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   characteristics.  It also requires that the SMTP server advertise
   that it also supports REQUIRETLS, in effect promising that it will
   honor the requirement to negotiate STARTTLS and REQUIRETLS for all
   onward transmissions of any of the messages contained in this
   session.

1.1.  Requirements Language

   The key words "MUST", "MUST NOT", "REQUIRED", "SHALL", "SHALL NOT",
   "SHOULD", "SHOULD NOT", "RECOMMENDED", "MAY", and "OPTIONAL" in this
   document are to be interpreted as described in RFC 2119 [RFC2119].

2.  The REQUIRETLS Service Extension

   1.  The textual name of the extension is "Require TLS".

   2.  The EHLO keyword value associated with this extension is
       "REQUIRETLS".

   3.  One additional SMTP verb, also named REQUIRETLS, is defined by
       this extension.

   4.  Two new SMTP status codes are defined by this extension to convey
       error conditions resulting from failure of the client to
       negotiate a TLS connection with the required security and as a
       result of an attempt to send to a server not also supporting the
       REQUIRETLS extension.

   An optional parameter to the REQUIRETLS SMTP verb, if present,
   specifies the method(s) for server authentication that the server
   MUST use for any onward transmission of the following messages.  The
   parameter takes the form of either a single value or comma-separated
   list, separated from the verb by a single "=" (equals-sign)
   character.  If present, the parameter MUST take one or more of the
   following values:

   o  CHAIN - The certificate presented by the SMTP server MUST verify
      successfully in a trust chain leading to a certificate trusted by
      the SMTP client.  The choice of trusted (root) certificates by the
      client is at their own discretion.  The client MAY choose to use
      the certificate set maintained by the CA/B forum [citation needed]
      for this purpose.

   o  DANE - The certificate presented by the SMTP server MUST verify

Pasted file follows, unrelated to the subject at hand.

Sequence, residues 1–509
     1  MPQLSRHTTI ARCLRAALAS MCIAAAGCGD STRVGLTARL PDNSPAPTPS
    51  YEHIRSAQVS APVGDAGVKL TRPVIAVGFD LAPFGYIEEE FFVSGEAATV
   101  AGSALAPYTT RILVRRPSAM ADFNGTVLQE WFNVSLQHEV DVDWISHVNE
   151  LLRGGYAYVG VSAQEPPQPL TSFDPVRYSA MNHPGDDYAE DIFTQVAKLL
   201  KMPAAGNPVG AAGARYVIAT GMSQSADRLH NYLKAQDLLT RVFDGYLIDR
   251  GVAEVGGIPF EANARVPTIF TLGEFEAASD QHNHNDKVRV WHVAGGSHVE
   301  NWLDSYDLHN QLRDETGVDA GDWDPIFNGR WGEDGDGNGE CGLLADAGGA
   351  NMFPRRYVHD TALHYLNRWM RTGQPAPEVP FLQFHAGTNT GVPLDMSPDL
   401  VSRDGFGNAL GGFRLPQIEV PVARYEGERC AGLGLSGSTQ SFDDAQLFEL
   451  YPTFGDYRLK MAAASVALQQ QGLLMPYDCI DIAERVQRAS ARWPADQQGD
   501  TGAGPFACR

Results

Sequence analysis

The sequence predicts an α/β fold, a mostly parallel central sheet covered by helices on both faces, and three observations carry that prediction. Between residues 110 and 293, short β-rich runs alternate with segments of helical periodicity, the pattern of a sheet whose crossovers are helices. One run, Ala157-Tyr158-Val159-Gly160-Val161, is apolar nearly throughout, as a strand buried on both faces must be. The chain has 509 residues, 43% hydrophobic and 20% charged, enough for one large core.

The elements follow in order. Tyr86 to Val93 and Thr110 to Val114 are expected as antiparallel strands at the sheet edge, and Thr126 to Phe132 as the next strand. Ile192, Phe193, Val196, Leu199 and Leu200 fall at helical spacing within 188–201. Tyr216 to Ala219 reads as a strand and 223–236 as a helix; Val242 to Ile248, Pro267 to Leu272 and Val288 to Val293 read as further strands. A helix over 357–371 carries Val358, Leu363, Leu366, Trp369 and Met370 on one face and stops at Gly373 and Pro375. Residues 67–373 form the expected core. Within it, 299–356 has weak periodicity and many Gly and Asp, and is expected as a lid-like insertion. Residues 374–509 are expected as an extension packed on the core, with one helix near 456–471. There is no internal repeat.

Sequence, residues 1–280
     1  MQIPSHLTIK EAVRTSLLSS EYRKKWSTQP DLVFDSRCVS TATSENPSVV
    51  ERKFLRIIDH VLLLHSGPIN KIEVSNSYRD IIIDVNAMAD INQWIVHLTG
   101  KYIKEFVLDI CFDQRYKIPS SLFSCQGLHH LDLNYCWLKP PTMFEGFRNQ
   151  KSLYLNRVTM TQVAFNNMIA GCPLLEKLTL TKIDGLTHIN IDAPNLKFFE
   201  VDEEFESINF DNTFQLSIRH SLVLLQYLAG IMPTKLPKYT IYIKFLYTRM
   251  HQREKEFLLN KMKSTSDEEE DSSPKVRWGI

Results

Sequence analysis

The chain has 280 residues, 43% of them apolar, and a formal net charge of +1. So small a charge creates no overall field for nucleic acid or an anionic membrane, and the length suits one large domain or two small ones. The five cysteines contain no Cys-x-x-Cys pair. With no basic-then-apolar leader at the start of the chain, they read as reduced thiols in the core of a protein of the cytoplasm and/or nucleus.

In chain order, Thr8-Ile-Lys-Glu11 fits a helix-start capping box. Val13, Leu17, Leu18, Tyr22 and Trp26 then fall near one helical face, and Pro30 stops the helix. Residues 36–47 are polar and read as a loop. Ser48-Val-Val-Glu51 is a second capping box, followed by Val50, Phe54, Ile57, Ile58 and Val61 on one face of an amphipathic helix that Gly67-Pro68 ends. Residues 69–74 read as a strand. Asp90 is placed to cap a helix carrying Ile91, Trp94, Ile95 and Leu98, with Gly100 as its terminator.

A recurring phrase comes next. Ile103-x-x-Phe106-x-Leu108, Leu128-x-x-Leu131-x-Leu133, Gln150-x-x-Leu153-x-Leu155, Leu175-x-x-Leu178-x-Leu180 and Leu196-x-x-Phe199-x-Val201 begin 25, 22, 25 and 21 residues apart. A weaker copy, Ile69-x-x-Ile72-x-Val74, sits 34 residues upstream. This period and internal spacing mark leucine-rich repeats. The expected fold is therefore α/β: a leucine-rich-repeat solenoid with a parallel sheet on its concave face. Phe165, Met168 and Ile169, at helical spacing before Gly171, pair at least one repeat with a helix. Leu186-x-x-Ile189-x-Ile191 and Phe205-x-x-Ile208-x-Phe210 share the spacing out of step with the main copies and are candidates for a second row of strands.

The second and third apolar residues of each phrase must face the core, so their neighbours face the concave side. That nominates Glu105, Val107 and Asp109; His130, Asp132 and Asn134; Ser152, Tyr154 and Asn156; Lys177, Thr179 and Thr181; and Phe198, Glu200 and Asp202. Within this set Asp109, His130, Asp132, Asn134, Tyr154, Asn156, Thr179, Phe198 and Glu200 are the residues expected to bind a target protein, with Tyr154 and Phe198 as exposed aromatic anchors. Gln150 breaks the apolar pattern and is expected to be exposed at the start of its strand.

succesfully using DANE as specified in RFC 7672 [RFC7672].

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   If the parameter is not present, the default behavior is that the
   certificate presented by the SMTP server MAY be authenticated, but is
   not required to be.

3.  REQUIRETLS Semantics

3.1.  REQUIRETLS Receipt Requirements

   Upon receipt of a REQUIRETLS verb from a client, an SMTP server MUST
   tag all subsequent messages received during that session as requiring
   TLS transmission with the specified authentication method(s).  The
   manner in which this tagging takes place is implementation-dependent.

3.2.  REQUIRETLS Sender Requirements

   When sending a message tagged with a TLS requirement, the sending
   (client) MTA MUST:

   o  Open an SMTP session with the peer SMTP server using the EHLO
      verb.  If the server does not advertise the REQUIRETLS capability,
      the client MUST bounce the message with a TBD error code as
      described in section xxx.

   o  Negotiate a TLS-protected SMTP session with its peer SMTP server
      and authenticate the server's certificate with the specified
      authentication method.  If it is unable to do so, the client MUST
      bounce the message with a TBD error code as described in section
      xxx.

   o  Issue the REQUIRETLS verb with the required authentication
      method(s), if any.

   o  Transmit the associated message(s).

   o  If multiple messages are to be transmitted with different
      authentication requirements, the REQUIRETLS command can be
      repeated to change the authentication method for subsequent
      messages.  However, the TLS connection being used MUST satisfy the
      new as well as the former authentication method(s).

3.3.  REQUIRETLS Submission

   An MUA or other agent making the initial introduction of a message to
   SMTP has authority to decide whether to require TLS, and if so, using
   what authentication method(s).  It does so by issuing the REQUIRETLS
   verb in the SMTP session associated with message submission.  This
   MAY be done based on a user interface selection, on a header field
   included in the message, or based on policy.  The manner in which the

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   decision to require TLS is made is implementation-dependent and is
   beyond the scope of this specification.

3.4.  Delivery of REQUIRETLS messages

   Messages are usually delivered to end users using protocols other
   than SMTP such as IMAP [RFC3501], POP [RFC1939], or web mail systems.
   Mail delivery agents supporting REQUIRETLS SHOULD require that
   message delivery take place over authenticated, encrypted channels.

4.  Error handling

   Error ("bounce") messages contain important metadata, and therefore
   MUST be protected in the same manner as the original message.  All
   error handling, whether resulting from a REQUIRETLS error or some
   other, MUST employ REQUIRETLS at the same authentication method(s) as
   the message that caused the error to occur.

   It should be noted that the path from the origination of an error
   bounce message back to the MAIL FROM address may not share the same
   REQUIRETLS support as the forward path.  Therefore, users of